Can anything about taxes ever be fun?! We honestly think this is interesting stuff. Happy April 15th!
No Income Taxes!
For more than the first half of our nation’s existence, the U.S. Government managed to do without an income tax (except briefly during and immediately after the Civil War). Customs duties and the sale of public lands were the main sources of federal revenue.
Supreme Court Said Income Tax Was Unconstitutional
Within months after the first peacetime income tax became law in 1894, the U.S. Supreme Court invalidated it as unconstitutional. Pollock v. Farmers’ Loan & Trust Co., 158 U.S. 161.
Happy 100-Year Anniversary
That Supreme Court decision itself was in effect overturned in 1913 when the Sixteenth Amendment was ratified. It gave Congress the “power to lay and collect taxes on incomes, from whatever source derived.”
The First Permanent Income Tax
Congress didn’t waste any time. Before that year was out, The Revenue Act of 1913 codified an income tax. Its tax rate was a “normal tax of 1 per cent” on income over $3,000 (over $4,000 for married couples), plus a “super tax” on incomes above $20,000, ranging from an additional 1% to as much as an additional 6% on income over $500,000. About one out of every 271 people was taxed under this law in its first year.
The First Form 1040
The complete income tax return for 1913, including all income and deduction “schedules,” along with the complete tax table, was only 3 pages long. From the beginning it was called Form 1040. The entire instructions fit on a single page! Here’s that original Form 1040, with the instructions.
Earlier Due Date, Short Extension
The first 1040s were due on March 1, 1914, with the possibility of only a 30-day extension. Extensions were to be granted only for sickness or absence from the United States.
From 0 to 60 in Just a Few Years
Because of a severe reduction in revenues from traditional sources—especially custom duties—and much greater financial needs of the federal government during World War I and the Great Depression, the income tax quickly became its largest source of revenue. By 1930, the income tax was the source of 60% of federal revenues. It reached the high point during World War II to nearly 80% of revenues, but declined after the war. From the 1980s through to the present, income tax has been the source for 50% to 60% of federal revenues.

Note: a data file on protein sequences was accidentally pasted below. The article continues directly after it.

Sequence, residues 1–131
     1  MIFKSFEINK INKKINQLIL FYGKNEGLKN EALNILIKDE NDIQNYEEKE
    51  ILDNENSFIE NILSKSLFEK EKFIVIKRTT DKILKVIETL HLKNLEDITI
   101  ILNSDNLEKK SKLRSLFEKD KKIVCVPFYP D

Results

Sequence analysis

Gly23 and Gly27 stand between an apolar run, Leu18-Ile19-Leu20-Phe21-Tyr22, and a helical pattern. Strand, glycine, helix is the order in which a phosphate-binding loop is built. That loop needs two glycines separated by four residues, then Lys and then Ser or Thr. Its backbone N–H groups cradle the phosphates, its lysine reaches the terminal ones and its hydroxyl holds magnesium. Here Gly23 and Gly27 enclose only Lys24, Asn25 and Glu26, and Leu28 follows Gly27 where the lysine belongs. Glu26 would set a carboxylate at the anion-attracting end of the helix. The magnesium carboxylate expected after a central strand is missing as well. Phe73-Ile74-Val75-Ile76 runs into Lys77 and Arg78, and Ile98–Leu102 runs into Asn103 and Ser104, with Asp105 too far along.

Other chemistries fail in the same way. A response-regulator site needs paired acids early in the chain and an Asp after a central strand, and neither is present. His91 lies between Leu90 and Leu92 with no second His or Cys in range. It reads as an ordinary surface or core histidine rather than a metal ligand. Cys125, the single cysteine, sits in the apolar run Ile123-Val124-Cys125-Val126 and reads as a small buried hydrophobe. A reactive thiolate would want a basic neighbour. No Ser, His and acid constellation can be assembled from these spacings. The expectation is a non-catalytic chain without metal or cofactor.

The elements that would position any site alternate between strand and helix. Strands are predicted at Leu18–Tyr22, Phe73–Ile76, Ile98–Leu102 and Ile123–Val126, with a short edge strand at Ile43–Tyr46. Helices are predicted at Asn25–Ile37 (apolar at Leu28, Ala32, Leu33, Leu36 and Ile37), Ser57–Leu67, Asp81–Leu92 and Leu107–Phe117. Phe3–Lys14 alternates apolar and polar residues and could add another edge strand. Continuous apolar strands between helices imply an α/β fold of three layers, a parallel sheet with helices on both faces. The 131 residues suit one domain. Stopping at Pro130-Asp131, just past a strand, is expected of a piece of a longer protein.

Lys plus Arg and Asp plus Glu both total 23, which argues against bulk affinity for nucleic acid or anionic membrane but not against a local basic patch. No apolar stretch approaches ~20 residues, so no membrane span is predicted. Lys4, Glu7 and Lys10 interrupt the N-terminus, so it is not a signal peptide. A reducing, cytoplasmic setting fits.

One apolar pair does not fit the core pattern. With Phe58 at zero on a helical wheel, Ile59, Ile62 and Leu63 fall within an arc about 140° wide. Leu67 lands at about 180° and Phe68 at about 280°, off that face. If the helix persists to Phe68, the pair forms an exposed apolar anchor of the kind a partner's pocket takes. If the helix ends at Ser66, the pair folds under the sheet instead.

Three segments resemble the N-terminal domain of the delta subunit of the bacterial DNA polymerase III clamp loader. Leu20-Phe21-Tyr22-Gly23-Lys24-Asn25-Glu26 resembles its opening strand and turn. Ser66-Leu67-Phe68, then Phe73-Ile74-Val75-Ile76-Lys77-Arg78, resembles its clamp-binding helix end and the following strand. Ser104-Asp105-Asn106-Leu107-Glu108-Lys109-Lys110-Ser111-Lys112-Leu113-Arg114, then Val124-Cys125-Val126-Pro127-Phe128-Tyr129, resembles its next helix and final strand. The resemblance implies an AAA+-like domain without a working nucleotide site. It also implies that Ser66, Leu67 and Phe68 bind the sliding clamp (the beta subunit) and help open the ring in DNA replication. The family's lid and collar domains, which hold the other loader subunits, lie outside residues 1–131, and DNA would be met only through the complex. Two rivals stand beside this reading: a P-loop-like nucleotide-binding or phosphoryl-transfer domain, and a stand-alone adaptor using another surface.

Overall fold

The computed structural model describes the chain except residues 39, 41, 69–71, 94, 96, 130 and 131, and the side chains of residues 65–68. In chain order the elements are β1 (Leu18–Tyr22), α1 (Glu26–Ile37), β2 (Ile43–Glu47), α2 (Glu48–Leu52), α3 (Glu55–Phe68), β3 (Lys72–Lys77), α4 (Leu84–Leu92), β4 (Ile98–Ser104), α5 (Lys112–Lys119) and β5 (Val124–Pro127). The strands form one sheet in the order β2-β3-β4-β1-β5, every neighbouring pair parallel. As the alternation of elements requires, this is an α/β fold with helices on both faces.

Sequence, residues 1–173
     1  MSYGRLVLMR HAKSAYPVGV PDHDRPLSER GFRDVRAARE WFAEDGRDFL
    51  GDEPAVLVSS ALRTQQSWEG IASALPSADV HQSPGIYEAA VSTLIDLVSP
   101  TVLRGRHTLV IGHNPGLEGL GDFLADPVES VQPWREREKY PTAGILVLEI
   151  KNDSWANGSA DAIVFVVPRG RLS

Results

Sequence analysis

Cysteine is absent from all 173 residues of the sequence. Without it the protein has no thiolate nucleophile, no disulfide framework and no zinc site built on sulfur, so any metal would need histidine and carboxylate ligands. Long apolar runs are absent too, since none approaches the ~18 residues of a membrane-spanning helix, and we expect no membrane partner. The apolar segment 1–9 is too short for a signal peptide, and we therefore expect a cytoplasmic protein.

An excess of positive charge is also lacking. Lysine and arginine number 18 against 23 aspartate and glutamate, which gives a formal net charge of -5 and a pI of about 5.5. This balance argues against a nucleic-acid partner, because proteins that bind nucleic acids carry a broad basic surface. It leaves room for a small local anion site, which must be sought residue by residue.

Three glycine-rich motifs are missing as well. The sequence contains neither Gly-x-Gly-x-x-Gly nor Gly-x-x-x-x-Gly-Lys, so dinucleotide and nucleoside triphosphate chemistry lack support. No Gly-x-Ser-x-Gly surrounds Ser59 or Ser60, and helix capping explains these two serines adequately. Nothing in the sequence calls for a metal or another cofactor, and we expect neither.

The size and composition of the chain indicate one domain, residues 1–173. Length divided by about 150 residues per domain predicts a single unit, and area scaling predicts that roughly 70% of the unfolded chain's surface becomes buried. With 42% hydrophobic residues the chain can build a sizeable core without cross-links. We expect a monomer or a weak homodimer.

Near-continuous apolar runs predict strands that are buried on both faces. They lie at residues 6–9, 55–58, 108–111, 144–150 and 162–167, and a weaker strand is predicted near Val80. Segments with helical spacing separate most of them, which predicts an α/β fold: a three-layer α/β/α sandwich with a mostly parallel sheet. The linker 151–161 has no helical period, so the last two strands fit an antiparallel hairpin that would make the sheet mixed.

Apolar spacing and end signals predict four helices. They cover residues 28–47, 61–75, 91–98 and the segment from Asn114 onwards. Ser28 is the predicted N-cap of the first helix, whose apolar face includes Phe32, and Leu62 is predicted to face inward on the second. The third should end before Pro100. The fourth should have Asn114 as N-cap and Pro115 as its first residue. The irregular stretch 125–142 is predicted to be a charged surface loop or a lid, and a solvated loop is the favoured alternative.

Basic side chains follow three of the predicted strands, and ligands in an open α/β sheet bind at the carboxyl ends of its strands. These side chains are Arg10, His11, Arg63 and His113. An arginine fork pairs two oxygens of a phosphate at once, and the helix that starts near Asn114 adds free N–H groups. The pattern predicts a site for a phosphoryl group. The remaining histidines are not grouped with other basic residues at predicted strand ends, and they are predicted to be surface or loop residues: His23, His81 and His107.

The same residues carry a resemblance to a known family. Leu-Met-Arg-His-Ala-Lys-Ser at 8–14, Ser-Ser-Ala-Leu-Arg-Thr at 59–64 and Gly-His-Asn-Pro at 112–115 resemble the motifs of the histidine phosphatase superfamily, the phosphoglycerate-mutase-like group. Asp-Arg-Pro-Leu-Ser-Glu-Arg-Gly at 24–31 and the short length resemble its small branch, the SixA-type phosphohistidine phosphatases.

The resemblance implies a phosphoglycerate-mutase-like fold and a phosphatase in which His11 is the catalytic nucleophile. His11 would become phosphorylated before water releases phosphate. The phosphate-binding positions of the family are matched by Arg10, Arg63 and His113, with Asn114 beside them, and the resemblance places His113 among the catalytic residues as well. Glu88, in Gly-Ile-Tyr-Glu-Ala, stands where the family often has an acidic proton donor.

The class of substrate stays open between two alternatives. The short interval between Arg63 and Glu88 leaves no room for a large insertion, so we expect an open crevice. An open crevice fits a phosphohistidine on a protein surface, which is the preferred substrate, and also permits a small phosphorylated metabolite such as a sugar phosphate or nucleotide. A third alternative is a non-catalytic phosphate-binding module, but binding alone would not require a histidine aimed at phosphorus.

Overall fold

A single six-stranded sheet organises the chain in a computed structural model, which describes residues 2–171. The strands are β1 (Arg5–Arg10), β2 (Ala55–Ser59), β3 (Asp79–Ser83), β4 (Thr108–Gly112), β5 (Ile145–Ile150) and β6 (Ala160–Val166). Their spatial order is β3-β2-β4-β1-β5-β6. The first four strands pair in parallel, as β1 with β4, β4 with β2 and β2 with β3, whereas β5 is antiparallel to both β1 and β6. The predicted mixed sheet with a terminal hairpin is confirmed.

The President’s Tax Return
Here’s Barack and Michelle Obama’s just-released 2012 IRS and Illinois tax returns and attachments, all 38 pages, complete with their signatures. It includes an itemization of the 33 charities to which they donated a total of about $150,000 (see pp. 23-24).
Other Presidents’, Vice-Presidents’, and Candidates’ Tax Returns
Here are many other interesting tax returns from select years, including, among others, those of Mitt Romney, Sarah Palin, George W. Bush, Bill Clinton, Ronald Reagan, Richard Nixon, and even Franklin D. Roosevelt. For example:
- Todd and Sarah Palin’s 2007 tax return, prepared through H&R Block, showed a tax deductible loss of almost $10,000 from Todd’s snowmobile racing business.
- Richard and Patricia Nixon’s 1969 tax return included a charitable deduction of $576,000 for a gift to the federal General Services Administration of his “Personal papers, manuscripts and other materials” totaling 1,176 boxes, together with an appraisal. Wonder if it included any audiotapes?!
- Franklin D. Roosevelt’s 1937 tax return is accompanied by a cover letter from him to “My dear Commissioner Helvering,” the Commissioner of the IRS, saying “I am wholly unable to figure out the amount of the tax… .” He goes on to explain that there was one tax rate effective during the first 20 days of January when he was in his first Presidential term, and then a different rate during the rest of the year during his second term. He concluded: “As this is a problem of higher mathematics, may I ask that the Bureau [of Internal Revenue] let me know the amount of the balance due?”
Amazing! FDR had spent the last 4 years trying to transform the national economy and rescue it from the Great Depression, but has to ask the IRS to do the math to figure out what he owes! Sounds familiar.
And for any of you last-minute filers, can you guess the date of this letter? Yes, it’s dated the very last day to send in the tax returns (back then March 15, 1938)! Now do you feel better?!